I am further compelled to express my grave concerns regarding the Cabinet's motivation and objectivity in the decisions made in this case, as well as in the related Jefferson Family Court DNA and adoption proceedings. The majority has noted the Cabinet's dubious motion practice in this action. The Cabinet's counsel, Rachel Caudel, e-filed its “NOTICE-MOTION-ORDER” at 1:14 p.m. on August 2, 2022, as a “MOTION NOT REQUIRING A HEARING,” which shows it as “scheduled for 8/02/2022” – that same day.5 To say that Relatives’ counsel was notified of the motion is practically meaningless with so little time to intervene. How were Relatives to respond to a motion filed at 1:14 p.m. and set to be signed without a hearing that same day? It strains credulity to accept the Cabinet's claim that it filed its motion to dismiss Relatives’ petitions in Breckinridge Circuit Court without scheduling a time for the motion to be heard simply because Ms. Caudel believed she would be notified by the court later of a specific hearing date. The Breckinridge Circuit Court local rules of practice – as well as almost all other such court rules 6 – require a date certain for a motion to be heard. Moreover, even in Jefferson Family Court, the Cabinet followed established procedural rules when it scheduled its motions to be heard on a particular day certain.7 Judges are not administrative assistants paid to do the parties’ scheduling. The obvious benefit to the Cabinet for its failure to schedule a date for its motion to be heard by the Breckinridge Circuit Court would be to accomplish dismissal without the necessity of actually arguing its position against Relatives in court, something it appears loath to do. In fact, the Cabinet came close to realizing the fait accompli as the matter was placed on the judge's desk as a “motion not requiring a hearing.” This appearance of impropriety – never fully explained in oral arguments before this Court – in conjunction with the Cabinet's conduct in the Jefferson Family Court matters and addressed at length in the concurring opinion to Relatives’ petition for writ,8 is deeply troubling. Rather than focus on the best interests of S.M.H., sadly, the Cabinet's actions effectively suggest that winning at all costs became, and remained, its primary priority. I would remind the Cabinet that its obligation is not only to S.M.H.’s birthmother; it is also the guardian of a defenseless child, seemingly omitted from the Cabinet's equation herein.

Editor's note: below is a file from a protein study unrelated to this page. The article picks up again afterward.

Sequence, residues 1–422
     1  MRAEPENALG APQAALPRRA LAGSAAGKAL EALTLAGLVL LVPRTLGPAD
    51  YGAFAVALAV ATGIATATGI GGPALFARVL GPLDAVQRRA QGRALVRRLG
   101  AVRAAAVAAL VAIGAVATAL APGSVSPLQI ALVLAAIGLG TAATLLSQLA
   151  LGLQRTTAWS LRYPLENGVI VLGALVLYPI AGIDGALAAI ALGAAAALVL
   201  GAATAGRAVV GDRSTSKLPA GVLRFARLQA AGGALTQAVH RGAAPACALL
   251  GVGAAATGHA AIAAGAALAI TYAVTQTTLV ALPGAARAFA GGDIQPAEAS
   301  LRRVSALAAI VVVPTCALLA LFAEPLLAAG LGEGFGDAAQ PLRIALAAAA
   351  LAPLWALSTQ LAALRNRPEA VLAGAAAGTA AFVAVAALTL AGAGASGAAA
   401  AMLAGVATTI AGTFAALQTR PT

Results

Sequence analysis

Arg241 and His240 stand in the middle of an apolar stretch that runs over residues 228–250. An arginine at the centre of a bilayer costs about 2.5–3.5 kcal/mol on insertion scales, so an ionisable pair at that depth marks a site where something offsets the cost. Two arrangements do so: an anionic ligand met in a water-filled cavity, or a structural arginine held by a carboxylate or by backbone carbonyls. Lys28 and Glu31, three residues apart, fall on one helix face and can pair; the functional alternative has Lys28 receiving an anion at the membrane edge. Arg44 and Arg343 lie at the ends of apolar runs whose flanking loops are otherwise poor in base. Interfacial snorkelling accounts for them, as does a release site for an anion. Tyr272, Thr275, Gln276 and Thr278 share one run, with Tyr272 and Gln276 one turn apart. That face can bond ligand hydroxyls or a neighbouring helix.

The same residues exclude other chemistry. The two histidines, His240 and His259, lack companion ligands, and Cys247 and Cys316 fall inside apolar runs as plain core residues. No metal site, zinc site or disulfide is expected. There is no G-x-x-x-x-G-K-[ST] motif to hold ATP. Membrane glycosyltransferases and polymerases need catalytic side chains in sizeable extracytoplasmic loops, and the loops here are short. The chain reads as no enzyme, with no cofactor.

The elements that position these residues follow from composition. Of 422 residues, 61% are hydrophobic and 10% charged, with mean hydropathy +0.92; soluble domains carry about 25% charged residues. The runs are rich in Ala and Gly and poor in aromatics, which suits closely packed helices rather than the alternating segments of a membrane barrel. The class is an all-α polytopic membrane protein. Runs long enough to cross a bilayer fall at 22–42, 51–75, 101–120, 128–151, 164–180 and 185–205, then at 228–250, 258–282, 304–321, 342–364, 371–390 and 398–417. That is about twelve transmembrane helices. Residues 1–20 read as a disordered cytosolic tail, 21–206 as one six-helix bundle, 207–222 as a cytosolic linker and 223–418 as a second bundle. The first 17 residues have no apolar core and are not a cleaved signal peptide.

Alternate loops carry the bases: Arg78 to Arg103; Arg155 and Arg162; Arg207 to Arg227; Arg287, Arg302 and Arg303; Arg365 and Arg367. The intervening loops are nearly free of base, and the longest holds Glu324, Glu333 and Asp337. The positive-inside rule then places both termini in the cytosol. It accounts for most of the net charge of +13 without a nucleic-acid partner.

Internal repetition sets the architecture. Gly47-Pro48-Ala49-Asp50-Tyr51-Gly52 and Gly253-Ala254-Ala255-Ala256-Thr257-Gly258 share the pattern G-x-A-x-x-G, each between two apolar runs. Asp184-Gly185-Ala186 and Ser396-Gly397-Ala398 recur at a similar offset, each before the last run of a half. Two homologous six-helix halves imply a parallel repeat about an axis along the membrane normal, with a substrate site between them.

1. Kentucky Rule of Civil Procedure.
2. Kentucky Revised Statutes.
3. See C.J. v. M.S., 572 S.W.3d 492, 498 (Ky. App. 2019) (“ ‘‘Fictive kin’ means an individual who is not related by birth, adoption, or marriage to a child, but who has an emotionally significant relationship with the child.’ KRS 199.011(9). The record shows that Child regards Adoptive Parents as her family; she is emotionally attached to Adoptive Parents. The record supports that Adoptive Parents qualify as Child's fictive kin. Therefore, we find no discernable error with respect to the family court's determination that Adoptive Parents properly petitioned to adopt Child.”).
4. (4) No petition for adoption shall be filed unless prior to the filing of the petition the child sought to be adopted has been placed for adoption by a child-placing institution or agency, or by the cabinet, or the child has been placed with written approval of the secretary; but no approval shall be necessary in the case of:(a) A child sought to be adopted by a blood relative, including a relative of half-blood, first cousin, aunt, uncle, nephew, niece, and a person of a preceding generation as denoted by prefixes of grand, great, or great-great; stepparent; stepsibling; or fictive kin; however, the court in its discretion may order a report in accordance with KRS 199.510 and a background check as provided in KRS 199.473(8)[.]
5. See Exhibit 5C attached to the Cabinet's petition for writ of prohibition.
6. I make this possible concession only because I have not reviewed each and every court's local rules of practice. However, I challenge the Cabinet to cite an exception.
7. See, for example, Exhibit 3D attached to its Petition.
8. No. 2022-CA-1023-OA.
LAMBERT, JUDGE, CONCURS. DIXON, JUDGE, CONCURS IN RESULT AND FILES SEPARATE OPINION.
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Docket No: NO. 2022-CA-1059-OA
Decided: December 02, 2022
Court: Court of Appeals of Kentucky.